David Bourget (Western Ontario)
David Chalmers (ANU, NYU)
Rafael De Clercq
Jack Alan Reynolds
Learn more about PhilPapers
Minds and Machines 16 (3):339-364 (2006)
Many quantitative scales are constructed using cutoffs on a continuum with scores assigned to the cutoffs. This paper develops a framework for using or constructing such scales from a decision-making standpoint. It addresses questions such as: How many distinct thresholds or cutoffs on a scale (i.e., what levels of granularity) are useful for a rational agent? Where should these thresholds be placed given a rational agent’s preferences and risk-orientation? Do scale score assignments have any bearing on decision-making and if so, how should scores be assigned? Given two possible states of nature , an ordered collection of alternatives from which one is to be selected depending on the probability that A is the case, a simple expected utility condition stipulates when adjacent alternatives are distinguishable and determines the threshold odds separating them. Threshold odds and utilities are mapped onto scale scores via a simple distance model. The placement of the thresholds reflects relative concern over decisional consequences given A versus consequences given ∼ A. Likewise, it is shown that scale scores reflect risk-aversion or risk-seeking not only with respect to A versus ∼ A but also with respect to the rank of the R j . Connections are drawn between this framework and rank-dependent expected utility (RDEU) theory. Implications are adumbrated for both machine and human decision-making.
|Keywords||Measurement Expected utility Scale construction Granularity Decision Uncertainty|
|Categories||categorize this paper)|
Setup an account with your affiliations in order to access resources via your University's proxy server
Configure custom proxy (use this if your affiliation does not provide a proxy)
|Through your library|
References found in this work BETA
No references found.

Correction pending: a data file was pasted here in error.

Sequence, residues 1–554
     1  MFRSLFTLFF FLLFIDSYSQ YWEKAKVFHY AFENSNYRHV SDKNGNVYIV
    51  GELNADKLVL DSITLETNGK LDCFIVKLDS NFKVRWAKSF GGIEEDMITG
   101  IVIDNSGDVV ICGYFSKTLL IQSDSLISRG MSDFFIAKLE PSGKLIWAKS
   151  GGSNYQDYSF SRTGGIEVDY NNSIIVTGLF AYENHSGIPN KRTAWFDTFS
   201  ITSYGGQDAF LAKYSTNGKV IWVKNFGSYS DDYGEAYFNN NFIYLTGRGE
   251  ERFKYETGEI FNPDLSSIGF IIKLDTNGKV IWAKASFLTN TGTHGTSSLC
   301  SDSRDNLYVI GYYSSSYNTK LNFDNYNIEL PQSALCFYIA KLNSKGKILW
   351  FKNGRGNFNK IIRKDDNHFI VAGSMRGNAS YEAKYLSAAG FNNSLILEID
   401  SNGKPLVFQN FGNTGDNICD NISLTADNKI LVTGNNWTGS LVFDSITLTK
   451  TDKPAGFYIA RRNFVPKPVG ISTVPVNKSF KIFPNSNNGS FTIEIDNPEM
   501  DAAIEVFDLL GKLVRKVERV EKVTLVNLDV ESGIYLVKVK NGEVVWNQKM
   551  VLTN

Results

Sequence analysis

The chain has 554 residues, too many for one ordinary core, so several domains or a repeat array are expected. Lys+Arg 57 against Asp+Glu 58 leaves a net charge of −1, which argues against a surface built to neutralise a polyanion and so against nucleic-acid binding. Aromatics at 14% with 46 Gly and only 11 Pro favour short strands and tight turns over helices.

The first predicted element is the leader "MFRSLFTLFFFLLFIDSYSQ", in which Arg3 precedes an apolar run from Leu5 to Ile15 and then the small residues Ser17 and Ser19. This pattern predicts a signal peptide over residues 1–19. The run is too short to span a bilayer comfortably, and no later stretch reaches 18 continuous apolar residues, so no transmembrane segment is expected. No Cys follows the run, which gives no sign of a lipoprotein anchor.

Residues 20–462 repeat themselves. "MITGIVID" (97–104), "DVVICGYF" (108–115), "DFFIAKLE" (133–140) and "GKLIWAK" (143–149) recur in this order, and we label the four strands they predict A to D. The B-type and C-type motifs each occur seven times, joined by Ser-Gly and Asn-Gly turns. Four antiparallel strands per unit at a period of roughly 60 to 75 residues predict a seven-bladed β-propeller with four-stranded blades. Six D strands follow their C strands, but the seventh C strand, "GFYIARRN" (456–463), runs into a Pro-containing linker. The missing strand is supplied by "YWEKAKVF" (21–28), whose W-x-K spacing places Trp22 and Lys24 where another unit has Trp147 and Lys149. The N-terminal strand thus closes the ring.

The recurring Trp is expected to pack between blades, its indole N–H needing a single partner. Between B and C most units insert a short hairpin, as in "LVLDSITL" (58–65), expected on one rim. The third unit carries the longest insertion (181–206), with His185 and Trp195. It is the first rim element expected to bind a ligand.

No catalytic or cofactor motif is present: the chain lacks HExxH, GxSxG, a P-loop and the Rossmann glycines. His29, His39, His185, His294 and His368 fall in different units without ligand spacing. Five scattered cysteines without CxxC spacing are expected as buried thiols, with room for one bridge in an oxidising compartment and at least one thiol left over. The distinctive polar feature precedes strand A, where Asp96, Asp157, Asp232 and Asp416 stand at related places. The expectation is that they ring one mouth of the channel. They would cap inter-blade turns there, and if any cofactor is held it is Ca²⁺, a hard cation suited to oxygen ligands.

Citations of this work BETA
Michael Smithson (2011). How Many Alternatives? Partitions Pose Problems for Predictions and Diagnoses. Social Epistemology 23 (3):347-360.
Similar books and articles
Paul Weirich (1986). Expected Utility and Risk. British Journal for the Philosophy of Science 37 (4):419-442.
Richard Watt, Francisco J. Vázquez & Ignacio Moreno (2001). An Experiment on Rational Insurance Decisions. Theory and Decision 51 (2/4):247-296.
Robert Landeros & Richard E. Plank (1996). How Ethical Are Purchasing Management Professionals? Journal of Business Ethics 15 (7):789 - 803.
Gian Luca Casali (2011). Developing a Multidimensional Scale for Ethical Decision Making. Journal of Business Ethics 104 (4):485-497.
R. Lange, M. A. Thalbourne, J. Houran & L. Storm (2000). The Revised Transliminality Scale: Reliability and Validity Data From a Rasch Top-Down Purification Procedure. Consciousness and Cognition 9 (4):591-617.
Moez Abouda & Alain Chateauneuf (2002). Positivity of Bid-Ask Spreads and Symmetrical Monotone Risk Aversion. Theory and Decision 52 (2):149-170.
Johanna Kujala & Tarja Pietiläinen (2004). Female Managers' Ethical Decision-Making: A Multidimensional Approach. [REVIEW] Journal of Business Ethics 53 (1-2):153-163.
Oliver M. Freestone & Peter J. McGoldrick (2008). Motivations of the Ethical Consumer. Journal of Business Ethics 79 (4):445 - 467.
Gerd Weinrich (1999). Nondegenerate Intervals of No-Trade Prices for Risk Averse Traders. Theory and Decision 46 (1):79-99.
Added to index2009-01-28
Total downloads3 ( #297,867 of 1,102,883 )
Recent downloads (6 months)2 ( #183,068 of 1,102,883 )
How can I increase my downloads?